By Natalie Ebsworth
WildSafeBC Coordinator Invermere

Wild turkeys can create substantial conflict when inhabiting urban areas. In fact, wild turkeys can be a real nuisance in some neighbourhoods. Turkeys can cause multiple impacts to lawns, gardens, mulched areas, bird feeders, and damage to houses and vehicles is also common. On top of that, wild turkeys can be very noisy during breeding season, demonstrate aggressive behaviour towards humans and cause vehicle collisions. Much of this is caused by habituation to people.

There are a few reasons besides the ones listed that people do not want wild turkeys in their neighbourhood. Wild turkeys are hosts to a variety of diseases, none of which pose a threat to human health; however, for this reason, it is not recommended to handle, feed or pet wild turkeys. They can also be a host for ticks, mites, and lice, and some of these can be transmitted to humans and your pets. Ticks, for example, can latch on to turkeys and then come into your yard. Nobody wants ticks in their yard, especially if you own a dog or have children.

They may also be very intimidating when in a flock within an urban/suburban neighbourhood and cause discomfort to people walking through the area. Do not allow turkeys to become habituated to people. Turkeys that are comfortable around people are more likely to cause damage or attempt to dominate people, which becomes a difficult problem to mitigate. The best way to prevent aggressive turkeys is to prevent them from becoming habituated to people in the first place.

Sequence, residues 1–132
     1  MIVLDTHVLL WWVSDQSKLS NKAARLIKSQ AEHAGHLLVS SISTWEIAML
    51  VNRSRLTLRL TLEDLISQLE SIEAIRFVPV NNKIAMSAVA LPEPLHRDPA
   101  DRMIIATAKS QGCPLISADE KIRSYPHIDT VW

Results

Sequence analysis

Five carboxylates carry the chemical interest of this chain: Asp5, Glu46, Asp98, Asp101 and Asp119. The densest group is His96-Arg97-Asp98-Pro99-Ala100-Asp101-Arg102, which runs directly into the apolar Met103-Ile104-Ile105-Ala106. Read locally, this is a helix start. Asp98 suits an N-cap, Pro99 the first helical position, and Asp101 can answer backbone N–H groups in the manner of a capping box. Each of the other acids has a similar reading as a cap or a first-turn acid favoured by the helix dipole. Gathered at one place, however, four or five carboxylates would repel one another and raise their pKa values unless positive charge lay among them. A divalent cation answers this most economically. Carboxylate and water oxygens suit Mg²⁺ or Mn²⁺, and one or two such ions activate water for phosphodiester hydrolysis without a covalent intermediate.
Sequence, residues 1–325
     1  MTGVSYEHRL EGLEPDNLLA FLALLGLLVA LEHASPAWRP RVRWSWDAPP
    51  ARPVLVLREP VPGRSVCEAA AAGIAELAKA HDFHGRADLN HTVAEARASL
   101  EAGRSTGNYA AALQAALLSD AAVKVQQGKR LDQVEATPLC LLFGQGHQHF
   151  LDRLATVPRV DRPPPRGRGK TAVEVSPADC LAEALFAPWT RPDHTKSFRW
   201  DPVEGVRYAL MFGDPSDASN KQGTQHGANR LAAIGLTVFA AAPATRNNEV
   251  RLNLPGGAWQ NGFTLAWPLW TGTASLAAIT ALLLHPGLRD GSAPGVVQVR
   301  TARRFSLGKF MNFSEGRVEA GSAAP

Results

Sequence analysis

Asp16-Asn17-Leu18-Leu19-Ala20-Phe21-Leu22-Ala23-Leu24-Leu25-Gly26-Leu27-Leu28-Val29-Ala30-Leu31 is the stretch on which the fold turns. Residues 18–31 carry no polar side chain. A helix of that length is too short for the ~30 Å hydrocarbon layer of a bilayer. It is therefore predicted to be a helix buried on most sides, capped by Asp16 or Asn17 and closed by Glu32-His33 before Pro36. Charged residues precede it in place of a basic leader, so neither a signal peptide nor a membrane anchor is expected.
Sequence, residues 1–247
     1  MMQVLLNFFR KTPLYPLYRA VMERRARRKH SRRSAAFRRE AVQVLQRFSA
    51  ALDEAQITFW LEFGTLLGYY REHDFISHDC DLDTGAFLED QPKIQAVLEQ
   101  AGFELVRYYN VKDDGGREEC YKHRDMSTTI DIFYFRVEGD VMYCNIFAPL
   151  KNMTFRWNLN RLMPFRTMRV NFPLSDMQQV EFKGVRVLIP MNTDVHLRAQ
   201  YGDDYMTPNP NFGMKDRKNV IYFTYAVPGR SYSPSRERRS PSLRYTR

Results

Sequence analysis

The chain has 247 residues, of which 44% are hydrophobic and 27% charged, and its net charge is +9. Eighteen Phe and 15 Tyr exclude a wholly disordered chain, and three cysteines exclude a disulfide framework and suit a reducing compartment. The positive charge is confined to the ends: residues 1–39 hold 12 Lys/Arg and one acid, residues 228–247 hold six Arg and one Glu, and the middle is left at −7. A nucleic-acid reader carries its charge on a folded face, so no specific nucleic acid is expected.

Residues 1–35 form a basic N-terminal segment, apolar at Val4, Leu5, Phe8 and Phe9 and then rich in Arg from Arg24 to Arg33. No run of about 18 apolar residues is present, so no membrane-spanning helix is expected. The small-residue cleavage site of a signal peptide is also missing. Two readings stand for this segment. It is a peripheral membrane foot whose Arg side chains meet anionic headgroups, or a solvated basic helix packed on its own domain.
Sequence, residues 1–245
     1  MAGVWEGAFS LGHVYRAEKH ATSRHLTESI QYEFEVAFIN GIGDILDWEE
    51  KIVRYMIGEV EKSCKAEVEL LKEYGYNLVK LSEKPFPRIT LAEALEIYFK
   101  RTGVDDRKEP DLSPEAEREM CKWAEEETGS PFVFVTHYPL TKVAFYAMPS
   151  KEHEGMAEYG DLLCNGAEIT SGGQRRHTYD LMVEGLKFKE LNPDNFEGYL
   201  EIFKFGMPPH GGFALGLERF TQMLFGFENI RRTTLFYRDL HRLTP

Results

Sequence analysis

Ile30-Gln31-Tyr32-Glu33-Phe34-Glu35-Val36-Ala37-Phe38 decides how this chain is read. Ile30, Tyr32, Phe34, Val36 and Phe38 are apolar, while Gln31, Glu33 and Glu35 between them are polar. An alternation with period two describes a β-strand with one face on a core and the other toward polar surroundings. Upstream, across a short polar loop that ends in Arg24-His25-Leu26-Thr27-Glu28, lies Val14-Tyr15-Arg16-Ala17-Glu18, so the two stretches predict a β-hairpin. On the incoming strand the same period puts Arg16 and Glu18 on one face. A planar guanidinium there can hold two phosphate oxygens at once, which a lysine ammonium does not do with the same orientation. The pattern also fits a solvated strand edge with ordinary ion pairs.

To reduce conflicts with wild turkeys, there are a few things one can do:

Make your yard WildSafe – keep your lawn cut short and weed free. Be sure to remove all dense brush and cover that may act like shelter or bedding material.

Do not feed turkeys – this will encourage them to stick around and likely cause problems. Remove or secure all potential sources of food, that includes bird feeders and other attractants. It is illegal to intentionally feed or bait ungulates or turkeys in the Kootenay Region, except under permit.

Fencing – always check with bylaws prior to putting up a fence.

Hazing techniques – if a wild turkey continues to hang around after trying your best to make it clear that they are unwanted, it may be time to consider hazing techniques such as motion light detectors or sprinklers, opening an umbrella, leashed dogs (provided you can control them and the dog does not harm the turkey), banging pots and pans or, other noisemakers, like radios. The idea is to make them feel threatened and, therefore, leave the area.

Turkeys on the roadside – Turkeys that hang out on roads and highways are sometimes difficult to disperse, and if they become hazardous, they may need to be forcibly removed.

Thank you for not feeding the turkeys; let’s “keep wildlife wild and communities safe.”

WildSafeBC Columbia Valley gratefully acknowledges the financial support from The Ministry of Environment and Climate Change Strategy, The Columbia Basin Trust, The BC Conservation Foundation, Regional District of East Kootenay, District of Invermere, and Village of Radium Hot Springs.